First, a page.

American Drivers: Knowing and Doing

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With the Memorial Day weekend and the summer holiday season arriving, you might be wondering what's a safer place to drive, the Big Sky roads of Montana or the scary parkways of New Jersey, after reading the ABC News online story on the results of a GMAC Insurance survey, "Top States with America's Worst Drivers."  It suggests the wide-open spaces are a safer bet. Idaho, Wisconsin, and Montana drivers were best informed, in that order, and New York, New Jersey, and Hawaii motorists scored lowest.

After enough close encounters on the roads of the Northeast, and scenic bliss in Montana, I'd be inclined to endorse the survey's results. There's just one problem. According to most recent official data of the Census Bureau's Statistical Abstract of the United States, New Jersey is actually the sixth safest state, with only 1.0 fatalities per 100 million vehicle miles, while Montana is the riskiest, with 2.3 deaths. New York State is about as safe as New Jersey. Idaho, the top state for knowledge, is slightly more dangerous for motorists than Hawaii (1.8 vs. 1.6 fatalities). Wisconsin might be your best all-around bet as the runner-up for driver information and 1.2 deaths per hundred million vehicle miles, just making the top quarter of safety rankings. But it's still 20 percent more dangerous than New York or New Jersey.

The automotive safety analyst Dr. Leonard Evans writes in the first edition of his standard Traffic Safety and the Driver:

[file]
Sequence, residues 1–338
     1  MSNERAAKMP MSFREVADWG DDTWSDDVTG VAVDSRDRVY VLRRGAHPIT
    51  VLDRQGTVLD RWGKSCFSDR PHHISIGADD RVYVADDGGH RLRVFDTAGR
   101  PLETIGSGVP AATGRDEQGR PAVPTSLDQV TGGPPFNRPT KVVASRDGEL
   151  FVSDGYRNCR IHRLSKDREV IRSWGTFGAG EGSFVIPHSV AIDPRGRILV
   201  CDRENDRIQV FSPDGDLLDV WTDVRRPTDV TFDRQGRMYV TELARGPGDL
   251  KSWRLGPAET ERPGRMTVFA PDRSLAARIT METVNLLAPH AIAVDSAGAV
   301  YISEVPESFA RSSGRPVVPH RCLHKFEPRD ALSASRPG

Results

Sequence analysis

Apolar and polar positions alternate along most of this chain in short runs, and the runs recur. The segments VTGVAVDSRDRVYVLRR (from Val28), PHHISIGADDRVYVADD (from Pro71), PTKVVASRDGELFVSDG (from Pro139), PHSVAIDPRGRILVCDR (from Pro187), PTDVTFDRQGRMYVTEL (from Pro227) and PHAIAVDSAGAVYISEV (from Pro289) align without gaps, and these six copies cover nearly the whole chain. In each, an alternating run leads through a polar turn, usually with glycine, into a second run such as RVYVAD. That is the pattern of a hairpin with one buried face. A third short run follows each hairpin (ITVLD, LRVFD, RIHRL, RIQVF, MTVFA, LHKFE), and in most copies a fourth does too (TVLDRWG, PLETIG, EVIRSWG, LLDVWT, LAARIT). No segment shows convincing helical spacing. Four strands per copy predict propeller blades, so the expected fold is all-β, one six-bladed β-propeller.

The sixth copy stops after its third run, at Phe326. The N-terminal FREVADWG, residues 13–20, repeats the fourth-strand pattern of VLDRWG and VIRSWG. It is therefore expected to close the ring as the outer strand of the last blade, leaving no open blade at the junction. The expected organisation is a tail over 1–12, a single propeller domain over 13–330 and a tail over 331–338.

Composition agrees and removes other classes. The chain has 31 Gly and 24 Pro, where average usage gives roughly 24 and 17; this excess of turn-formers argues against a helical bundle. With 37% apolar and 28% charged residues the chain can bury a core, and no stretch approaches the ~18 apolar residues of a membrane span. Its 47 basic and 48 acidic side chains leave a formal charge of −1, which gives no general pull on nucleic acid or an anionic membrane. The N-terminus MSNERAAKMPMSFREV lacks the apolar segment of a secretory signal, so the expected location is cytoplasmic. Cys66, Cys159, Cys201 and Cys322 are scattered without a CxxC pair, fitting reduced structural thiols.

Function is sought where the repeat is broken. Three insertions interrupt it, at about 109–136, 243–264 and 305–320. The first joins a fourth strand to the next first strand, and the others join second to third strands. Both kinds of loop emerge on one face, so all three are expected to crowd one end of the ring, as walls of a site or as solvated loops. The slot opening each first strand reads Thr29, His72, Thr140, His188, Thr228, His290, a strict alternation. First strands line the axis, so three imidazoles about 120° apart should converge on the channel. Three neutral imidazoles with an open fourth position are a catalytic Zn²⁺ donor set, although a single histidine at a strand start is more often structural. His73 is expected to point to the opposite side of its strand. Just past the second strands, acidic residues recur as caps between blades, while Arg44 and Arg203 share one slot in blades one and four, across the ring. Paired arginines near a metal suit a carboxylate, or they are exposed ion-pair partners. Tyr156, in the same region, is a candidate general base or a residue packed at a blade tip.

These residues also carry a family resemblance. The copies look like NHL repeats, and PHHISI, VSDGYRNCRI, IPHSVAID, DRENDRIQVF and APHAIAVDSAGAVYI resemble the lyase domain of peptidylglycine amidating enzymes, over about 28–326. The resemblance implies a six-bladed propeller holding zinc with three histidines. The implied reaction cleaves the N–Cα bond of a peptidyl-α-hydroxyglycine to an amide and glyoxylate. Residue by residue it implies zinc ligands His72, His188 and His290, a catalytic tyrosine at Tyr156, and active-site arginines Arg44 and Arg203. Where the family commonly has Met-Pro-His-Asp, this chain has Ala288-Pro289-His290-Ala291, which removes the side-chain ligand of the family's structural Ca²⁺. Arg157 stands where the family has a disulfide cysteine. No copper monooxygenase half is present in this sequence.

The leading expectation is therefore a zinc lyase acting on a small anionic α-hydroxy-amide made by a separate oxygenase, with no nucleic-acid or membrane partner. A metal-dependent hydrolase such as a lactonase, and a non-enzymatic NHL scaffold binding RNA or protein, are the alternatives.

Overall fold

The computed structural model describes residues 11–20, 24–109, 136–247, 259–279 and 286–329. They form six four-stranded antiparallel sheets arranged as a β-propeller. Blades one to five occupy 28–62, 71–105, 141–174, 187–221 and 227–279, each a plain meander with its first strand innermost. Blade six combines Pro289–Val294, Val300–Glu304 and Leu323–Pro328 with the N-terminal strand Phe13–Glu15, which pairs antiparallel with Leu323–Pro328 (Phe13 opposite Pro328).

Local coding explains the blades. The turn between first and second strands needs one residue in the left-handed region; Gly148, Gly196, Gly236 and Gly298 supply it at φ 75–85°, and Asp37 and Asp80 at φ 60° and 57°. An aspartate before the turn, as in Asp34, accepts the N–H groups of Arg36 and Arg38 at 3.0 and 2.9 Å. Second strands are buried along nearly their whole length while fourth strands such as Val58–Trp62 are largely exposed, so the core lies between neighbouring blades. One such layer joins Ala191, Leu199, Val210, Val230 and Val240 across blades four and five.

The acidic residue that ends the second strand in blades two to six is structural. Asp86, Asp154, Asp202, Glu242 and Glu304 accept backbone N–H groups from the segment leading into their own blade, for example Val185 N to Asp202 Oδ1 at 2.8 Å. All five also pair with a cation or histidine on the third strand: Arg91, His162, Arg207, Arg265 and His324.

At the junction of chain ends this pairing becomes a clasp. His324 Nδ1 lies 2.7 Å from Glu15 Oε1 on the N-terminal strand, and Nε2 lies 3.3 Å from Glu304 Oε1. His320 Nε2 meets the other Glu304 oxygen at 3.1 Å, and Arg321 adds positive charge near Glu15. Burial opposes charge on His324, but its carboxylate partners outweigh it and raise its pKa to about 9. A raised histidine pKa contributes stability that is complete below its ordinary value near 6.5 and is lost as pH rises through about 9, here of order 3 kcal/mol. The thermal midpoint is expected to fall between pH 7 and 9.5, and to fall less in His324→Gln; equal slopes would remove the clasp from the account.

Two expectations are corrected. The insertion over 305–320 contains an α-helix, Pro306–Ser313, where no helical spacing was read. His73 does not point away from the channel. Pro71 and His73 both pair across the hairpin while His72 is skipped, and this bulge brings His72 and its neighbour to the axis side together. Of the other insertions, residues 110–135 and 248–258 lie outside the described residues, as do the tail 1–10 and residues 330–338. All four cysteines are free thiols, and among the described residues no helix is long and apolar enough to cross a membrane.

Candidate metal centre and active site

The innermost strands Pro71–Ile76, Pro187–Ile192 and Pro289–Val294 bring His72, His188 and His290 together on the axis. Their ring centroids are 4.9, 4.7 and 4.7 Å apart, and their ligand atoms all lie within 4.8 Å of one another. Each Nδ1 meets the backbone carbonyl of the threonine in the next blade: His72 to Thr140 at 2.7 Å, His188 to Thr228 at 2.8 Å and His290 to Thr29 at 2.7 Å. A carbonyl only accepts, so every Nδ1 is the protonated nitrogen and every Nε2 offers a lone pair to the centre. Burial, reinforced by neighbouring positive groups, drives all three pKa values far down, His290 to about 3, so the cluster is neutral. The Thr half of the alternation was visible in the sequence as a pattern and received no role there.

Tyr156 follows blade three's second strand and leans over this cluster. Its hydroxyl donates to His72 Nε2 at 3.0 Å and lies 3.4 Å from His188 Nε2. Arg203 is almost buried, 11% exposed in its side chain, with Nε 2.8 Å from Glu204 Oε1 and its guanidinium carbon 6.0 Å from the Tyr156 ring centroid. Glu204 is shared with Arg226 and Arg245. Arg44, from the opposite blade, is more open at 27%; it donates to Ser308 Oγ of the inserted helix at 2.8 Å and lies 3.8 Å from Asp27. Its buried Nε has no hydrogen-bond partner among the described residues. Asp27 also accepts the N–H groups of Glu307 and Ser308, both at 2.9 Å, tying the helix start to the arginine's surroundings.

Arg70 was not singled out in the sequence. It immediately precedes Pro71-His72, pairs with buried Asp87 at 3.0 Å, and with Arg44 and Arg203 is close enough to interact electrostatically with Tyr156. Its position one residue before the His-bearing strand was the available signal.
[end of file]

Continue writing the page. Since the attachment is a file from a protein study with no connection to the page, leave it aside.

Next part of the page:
[W]e find no convincing evidence that driver education, or increased driving skill and knowledge, increase safety.

And he continues:

Few would suggest that criminal activity flows from insufficient study of ethics, and that instruction in this discipline would much reduce crime.

The paradox is that the densely settled Northeast is generally a safer place to drive than the rural West because 1) severity of accidents depends greatly on speed, and our frequently crawling traffic is thus extra safe, and 2) when it is moving it often feels and looks dangerous, so we're more alert. Drivers in the rural West have much longer journeys between settlements and more incentive to go as fast as they can.

The British aeronautical engineer and statistician Reuben Smeed was the first to analyze the process mathematically. Smeed's admiring wartime employee in the RAF Bomber Command, Freeman Dyson, has written of his mentor's postwar renown as Britain's leading traffic engineer:

He collected statistics on traffic deaths from many countries, all the way back to the invention of the automobile. He found that under an enormous range of conditions, the number of deaths in a country per year is given by a simple formula: number of deaths equals .0003 times the two-thirds power of the number of people times the one-third power of the number of cars. This formula is known as Smeed's Law. He published it in 1949, and it is still valid 57 years later.

In other words, the more people drive, the fewer fatal accidents per hundred million miles they suffer. The most dangerous place of all to drive is in a developing country with open roads and low density of car ownership.

Getting back to the GMAC study, only one of GMAC's own list of five major causes of crashes relates directly to a question on the test. Take the  test and then read Top Driving Mistakes that Cause Crashes and see if you agree with me. While I have a few reservations --  I'll withhold them to avoid spoilers -- the driving tips are generally excellent and could save lives. But most of the aggressive and just plain bad driving I've seen, everywhere, seems to have arisen not from ignorance of the rules but the conviction that they're only for other people.



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Edward Tenner is a historian of technology and culture, and an affiliate of the Center for Arts and Cultural Policy at Princeton's Woodrow Wilson School. He was a founding advisor of Smithsonian's Lemelson Center.

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